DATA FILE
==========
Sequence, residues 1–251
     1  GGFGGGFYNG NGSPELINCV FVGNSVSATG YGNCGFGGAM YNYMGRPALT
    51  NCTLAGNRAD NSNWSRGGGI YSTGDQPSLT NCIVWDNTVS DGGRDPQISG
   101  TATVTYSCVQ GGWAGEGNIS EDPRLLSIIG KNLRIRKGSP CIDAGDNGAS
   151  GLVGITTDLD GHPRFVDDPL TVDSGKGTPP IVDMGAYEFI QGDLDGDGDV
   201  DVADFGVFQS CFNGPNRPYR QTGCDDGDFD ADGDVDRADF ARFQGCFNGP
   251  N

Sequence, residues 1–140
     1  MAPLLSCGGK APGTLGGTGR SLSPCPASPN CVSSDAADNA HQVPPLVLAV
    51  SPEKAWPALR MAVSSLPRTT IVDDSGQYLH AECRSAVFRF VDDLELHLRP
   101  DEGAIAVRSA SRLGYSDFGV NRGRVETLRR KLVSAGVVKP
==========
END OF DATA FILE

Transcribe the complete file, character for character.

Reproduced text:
Sequence, residues 1–251
     1  GGFGGGFYNG NGSPELINCV FVGNSVSATG YGNCGFGGAM YNYMGRPALT
    51  NCTLAGNRAD NSNWSRGGGI YSTGDQPSLT NCIVWDNTVS DGGRDPQISG
   101  TATVTYSCVQ GGWAGEGNIS EDPRLLSIIG KNLRIRKGSP CIDAGDNGAS
   151  GLVGITTDLD GHPRFVDDPL TVDSGKGTPP IVDMGAYEFI QGDLDGDGDV
   201  DVADFGVFQS CFNGPNRPYR QTGCDDGDFD ADGDVDRADF ARFQGCFNGP
   251  N

Sequence, residues 1–140
     1  MAPLLSCGGK APGTLGGTGR SLSPCPASPN CVSSDAADNA HQVPPLVLAV
    51  SPEKAWPALR MAVSSLPRTT IVDDSGQYLH AECRSAVFRF VDDLELHLRP
   101  DEGAIAVRSA SRLGYSDFGV NRGRVETLRR KLVSAGVVKP